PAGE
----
On top of the physical suffering, Spurgeon had to endure a lifetime of public ridicule and slander, sometimes of the most vicious kind.
In April, 1855 the Essex Standard carried an article with these words:
His style is that of the vulgar colloquial, varied by rant … All the most solemn mysteries of our holy religion are by him rudely, roughly and impiously handled. Common sense is outraged and decency disgusted. His rantings are interspersed with coarse anecdotes” (A Marvelous Ministry, p. 35).
In 1857 he wrote:
“Down on my knees have I often fallen, with the hot sweat rising from my brow under some fresh slander poured upon me; in an agony of grief my heart has been well-nigh broken” The Anguish and Agonies of Charles Spurgeon, p. 23).
I wonder who Spurgeon may have been apart from these frustrations and sorrows. Considering all of the work he did and the fact that he earned the title “the Prince of Preachers” I would venture to say that he would not have been quite the same man and I would speculate that he would have had quite the battle with pride.
Sorrow teaches us more than happiness does. It is good for the heart and helps us to live a balanced life, which is characteristic of the good life.
The teacher now returns to the concept of the house of mourning in verse 4, but he now reinforces it with the contrast of the wise and the foolish.
One rendition of vv 4-6 reads:
4 A wise person thinks about death, but a fool thinks only about having a good time.
5 It is better to be criticized by a wise person than to be praised by a fool.
6 The laughter of fools is like the crackling of thorns in a cooking fire. Both are useless
Now again, this is a call to balance. This is not an encouragement to be preoccupied with death or consumed by death, but to consider the reality of death in a healthy way that brings balance to our tendency to forget about it.
If a good name is desirable and living the good life is the goal, where is one equipped for such a life? Not in the company of fools, whose superficial talk is like the crackling of the fire, a lot of empty noise; it may make one feel good for a moment but in reality it doesn’t benefit one’s character. Rather, one’s character is sharpened as iron sharpens iron, when he heeds the rebuke of a wise person.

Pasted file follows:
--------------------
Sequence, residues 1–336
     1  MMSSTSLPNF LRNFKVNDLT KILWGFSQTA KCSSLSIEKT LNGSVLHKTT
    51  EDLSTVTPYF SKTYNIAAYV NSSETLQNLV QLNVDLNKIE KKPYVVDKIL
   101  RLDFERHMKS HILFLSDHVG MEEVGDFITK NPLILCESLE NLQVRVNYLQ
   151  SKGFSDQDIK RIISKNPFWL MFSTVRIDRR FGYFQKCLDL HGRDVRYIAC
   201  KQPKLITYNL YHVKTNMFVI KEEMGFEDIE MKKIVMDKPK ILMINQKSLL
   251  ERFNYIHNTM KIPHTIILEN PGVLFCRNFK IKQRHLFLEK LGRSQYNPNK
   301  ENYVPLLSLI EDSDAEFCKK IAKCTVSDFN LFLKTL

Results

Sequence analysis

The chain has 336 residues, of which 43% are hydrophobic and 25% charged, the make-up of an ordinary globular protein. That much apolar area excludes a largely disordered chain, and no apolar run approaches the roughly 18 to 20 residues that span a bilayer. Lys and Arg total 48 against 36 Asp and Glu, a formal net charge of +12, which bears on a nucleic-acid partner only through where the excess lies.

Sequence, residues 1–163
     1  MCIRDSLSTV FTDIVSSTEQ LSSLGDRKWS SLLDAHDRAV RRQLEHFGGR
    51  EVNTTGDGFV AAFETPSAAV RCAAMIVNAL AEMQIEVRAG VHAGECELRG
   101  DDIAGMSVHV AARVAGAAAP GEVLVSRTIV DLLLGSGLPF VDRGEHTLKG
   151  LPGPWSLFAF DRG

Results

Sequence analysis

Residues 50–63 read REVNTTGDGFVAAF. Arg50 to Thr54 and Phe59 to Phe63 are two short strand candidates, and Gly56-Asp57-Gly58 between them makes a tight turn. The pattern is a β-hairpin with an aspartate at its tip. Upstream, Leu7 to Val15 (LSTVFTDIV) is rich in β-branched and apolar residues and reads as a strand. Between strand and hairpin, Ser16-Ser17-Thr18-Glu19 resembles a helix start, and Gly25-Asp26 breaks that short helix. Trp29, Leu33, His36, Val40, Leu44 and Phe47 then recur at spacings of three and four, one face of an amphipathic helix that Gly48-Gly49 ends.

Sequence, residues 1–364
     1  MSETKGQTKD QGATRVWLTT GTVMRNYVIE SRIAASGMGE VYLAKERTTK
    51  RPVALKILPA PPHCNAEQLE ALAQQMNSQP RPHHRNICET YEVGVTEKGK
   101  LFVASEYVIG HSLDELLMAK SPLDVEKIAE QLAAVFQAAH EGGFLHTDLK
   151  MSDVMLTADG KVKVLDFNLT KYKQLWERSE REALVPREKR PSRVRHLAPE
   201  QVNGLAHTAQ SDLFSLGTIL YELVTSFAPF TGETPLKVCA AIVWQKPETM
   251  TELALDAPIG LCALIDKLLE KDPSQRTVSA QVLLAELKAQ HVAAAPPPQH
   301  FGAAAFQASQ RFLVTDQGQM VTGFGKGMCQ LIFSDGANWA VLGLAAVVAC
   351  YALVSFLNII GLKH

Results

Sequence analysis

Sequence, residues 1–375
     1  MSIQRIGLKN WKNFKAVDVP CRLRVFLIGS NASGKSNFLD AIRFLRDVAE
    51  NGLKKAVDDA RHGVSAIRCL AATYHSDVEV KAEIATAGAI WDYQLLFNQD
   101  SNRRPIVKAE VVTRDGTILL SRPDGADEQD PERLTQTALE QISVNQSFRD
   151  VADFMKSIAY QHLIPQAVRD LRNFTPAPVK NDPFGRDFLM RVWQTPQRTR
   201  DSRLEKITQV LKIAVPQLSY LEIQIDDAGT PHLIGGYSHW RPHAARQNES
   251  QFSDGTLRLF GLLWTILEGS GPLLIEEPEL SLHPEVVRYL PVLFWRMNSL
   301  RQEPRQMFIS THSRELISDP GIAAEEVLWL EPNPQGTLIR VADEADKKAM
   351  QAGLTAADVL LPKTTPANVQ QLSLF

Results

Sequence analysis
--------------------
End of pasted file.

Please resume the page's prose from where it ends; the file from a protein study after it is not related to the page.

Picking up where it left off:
The rebuke of the wise person will go so much farther in cultivating the character of the good life than the flattery of fools.
The teacher is calling his readers to bring balance life by swinging the pendulum away from our preferences. We prefer a feast to a funeral. We prefer amusement to musing. We prefer laughter to sorrow, good times to tough times. We prefer the flattery of fools to rebuke. But most of these things that we prefer are not better for us; the things we like to avoid are better for us. It is better for us to welcome the rebukes that will help shape our character.
Pleasure in balance:
Again, balance is a necessary component of the good life and this is true with regard to pleasure.
The teacher reminds the audience that while the good life is one that is enjoyed, it is not bound up in the pursuit of pleasure through the abandonment of ourselves to folly and hedonism, lasciviousness, and wild parties. For such a pursuit is a chasing after the wind. Rather, the good life is one characterized by the thankful and sober enjoyment in the everyday experiences of life, the common things in life (eating, drinking, working, home life, family, etc).
Warren Weirsbe: If you devote your life only to the pursuit of happiness you will be miserable; however, if you devote your life to doing God’s will you will find happiness as well.
The good life is one that is characterized by a good name, which is achieved by the balanced life, one that enjoys his lot in life, but also includes serious and solemn contemplation, a life that is lived with an eye on the reality of death, a life lived with the end in mind.